Before 2013 closed out, I was able to attend a great X Series IAB session about metrics here in Toronto. It was standing room only at the Windsor Arms Hotel where attendees gathered to hear from a fantastic roster of speakers from thought leading organizations like Google. Ipsos Reid, AdKnowledge and PHD Canada.
The event kicked off with the latest Canadian Media Usage Study (CMUST) results delivered by Rob Young, Sr. VP Director of Insights and Analytics, PHD Canada, which as usual, were incredibly insightful and detailed. Here are the key takeaways that were shared around the study’s theme “Unearthing Internet Time”. I’ve re-ordered these slightly from what was provided in the presentation – hope this doesn’t upset anyone.:
1. The Internet medium, unlike the traditional offline media, has been growing both in terms of reach and time spent.
2. A PHD review of Canadian and US data sources produces a total, all device estimate of 1,735 minutes per week of time generated by Adults 18+ within the Internet medium – the “unearthed Internet time. This time level slightly exceeds total legacy TV time.
3. A very large proportion of the “unearthed” Internet time (47%) is generated through mobile devices.
4. Video is the primary content genre within the Pure Play category and Adult 18-34 year old consumers are particularly attracted to online digital video. This demographic group represents the “engine” for the Internet’s future rates of growth.
5. ComScore, the measurement body of record for the Internet medium, currently provides minutes based data for PC device only (Media and Video Metrix). On this basis, Adults 18+ spend 701 minutes per week per capita with the Internet medium, well below the Radio medium’s time spent level. Internet time is overdeveloped against 18-34 year olds and those with above average household income levels. Quebec now matches total Canada’s Internet time per capita.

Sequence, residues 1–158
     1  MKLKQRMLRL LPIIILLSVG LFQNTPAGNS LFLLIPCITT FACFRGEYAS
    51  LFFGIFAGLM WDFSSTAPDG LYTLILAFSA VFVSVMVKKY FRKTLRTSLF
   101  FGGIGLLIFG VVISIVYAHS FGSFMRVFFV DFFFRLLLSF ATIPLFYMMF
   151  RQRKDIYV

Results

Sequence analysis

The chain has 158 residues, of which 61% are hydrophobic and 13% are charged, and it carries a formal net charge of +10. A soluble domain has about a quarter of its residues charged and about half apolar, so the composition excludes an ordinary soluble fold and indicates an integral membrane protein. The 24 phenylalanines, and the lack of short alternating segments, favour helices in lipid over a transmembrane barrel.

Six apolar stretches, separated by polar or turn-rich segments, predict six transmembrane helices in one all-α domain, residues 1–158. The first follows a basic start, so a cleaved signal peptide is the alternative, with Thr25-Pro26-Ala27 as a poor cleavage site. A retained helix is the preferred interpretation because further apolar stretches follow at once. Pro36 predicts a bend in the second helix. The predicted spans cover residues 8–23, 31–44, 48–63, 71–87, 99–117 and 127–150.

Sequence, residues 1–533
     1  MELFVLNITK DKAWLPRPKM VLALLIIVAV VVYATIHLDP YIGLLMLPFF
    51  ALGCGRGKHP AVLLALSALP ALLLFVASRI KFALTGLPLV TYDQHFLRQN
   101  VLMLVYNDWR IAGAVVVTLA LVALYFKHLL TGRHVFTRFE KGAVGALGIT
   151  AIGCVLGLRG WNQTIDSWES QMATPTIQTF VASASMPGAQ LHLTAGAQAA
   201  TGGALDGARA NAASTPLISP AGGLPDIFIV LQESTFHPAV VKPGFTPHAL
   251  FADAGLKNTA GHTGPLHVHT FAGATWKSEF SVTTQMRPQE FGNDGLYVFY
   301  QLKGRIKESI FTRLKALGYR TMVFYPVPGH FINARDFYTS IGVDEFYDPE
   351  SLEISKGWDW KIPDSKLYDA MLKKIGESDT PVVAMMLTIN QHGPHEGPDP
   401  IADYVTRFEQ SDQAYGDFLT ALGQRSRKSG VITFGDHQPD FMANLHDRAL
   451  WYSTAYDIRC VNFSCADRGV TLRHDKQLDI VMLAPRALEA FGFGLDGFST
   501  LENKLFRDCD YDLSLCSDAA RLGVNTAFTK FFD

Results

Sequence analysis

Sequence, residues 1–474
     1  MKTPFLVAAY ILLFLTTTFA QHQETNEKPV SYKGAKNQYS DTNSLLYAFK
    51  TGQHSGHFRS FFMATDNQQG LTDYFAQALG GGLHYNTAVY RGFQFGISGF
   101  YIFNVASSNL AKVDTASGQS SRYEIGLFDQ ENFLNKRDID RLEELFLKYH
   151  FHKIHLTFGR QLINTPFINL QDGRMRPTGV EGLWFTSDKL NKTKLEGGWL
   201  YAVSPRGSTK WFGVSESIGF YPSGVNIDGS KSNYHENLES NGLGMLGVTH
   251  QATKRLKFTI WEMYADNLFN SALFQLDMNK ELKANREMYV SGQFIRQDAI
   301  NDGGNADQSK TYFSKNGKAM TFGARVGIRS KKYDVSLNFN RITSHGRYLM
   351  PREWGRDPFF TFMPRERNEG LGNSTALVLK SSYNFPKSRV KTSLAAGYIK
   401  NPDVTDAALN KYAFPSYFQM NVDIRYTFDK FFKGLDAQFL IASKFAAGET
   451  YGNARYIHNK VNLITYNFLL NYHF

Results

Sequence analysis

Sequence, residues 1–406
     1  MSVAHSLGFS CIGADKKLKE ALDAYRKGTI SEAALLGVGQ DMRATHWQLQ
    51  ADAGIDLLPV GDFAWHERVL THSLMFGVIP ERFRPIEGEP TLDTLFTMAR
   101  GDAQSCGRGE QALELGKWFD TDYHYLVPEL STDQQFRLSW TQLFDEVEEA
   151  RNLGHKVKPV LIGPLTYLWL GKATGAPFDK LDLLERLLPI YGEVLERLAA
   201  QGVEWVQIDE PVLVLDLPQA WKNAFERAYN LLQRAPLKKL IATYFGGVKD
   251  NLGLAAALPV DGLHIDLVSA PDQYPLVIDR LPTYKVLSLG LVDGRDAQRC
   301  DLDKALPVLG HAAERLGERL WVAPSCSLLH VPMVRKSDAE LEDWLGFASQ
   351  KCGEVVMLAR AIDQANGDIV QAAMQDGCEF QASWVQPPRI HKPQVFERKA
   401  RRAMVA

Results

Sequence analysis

6. The rapid growth and large weekly minutes per week counts are driven by ever increasing penetrations of OTT (Smart TV), Mobile and Game Console Internet access devices.
7. Co-branded Internet time represents a small proportion of total Internet time spent by adults but PurePlay makes up almost 50% of Internet time. PurePlay time could be considered a “consumer media marketplace” that represents a source of growth for co-branded media vehicles down the road.
Major implications from the report included the knowledge gap the industry is experiencing on where consumers are truly spending their online attention. The Internet, to date has not been measured across platform and channel to piece together a full and complete consumer profile. Sellers as well as planners are having a hard time measuring macro consumer attention and as a result are challenged to justify media values.
Ad revenue against heavy hitting online video and mobile consumption is still trailing actual usage numbers. There’s work to be done all around.
The good news is that in late summer 2014, ComScore and their new multi-platform measurement system will be able to measure total Internet time and reach in Canada offering planners and sellers a more reliable quantification to help stimulate ad revenues.
Young’s presentation had some great take-aways and as always, it’s so refreshing to get pure Canadian data to use heading into 2014 planning.
As IAB President Chris Williams was introducing the next speakers from Google and Ipsos Reid, he made such a great point that I thought captured the industry’s sentiment extremely well. He said that the Canadian industry is hungering for actionable Canadian data. He went on to explain that countless times, as we are presenting strategy to clients, there is without fail, that awkward moment, when a client points out that the data used to support a point in actually US.
Stay tuned for my next post where I cover off the Google and Ipsos Reid’s November 2013 Study findings around the Multi-Screen World in Canada and its impact on the consumer purchase funnel. The other presentations will also be covered over the coming days.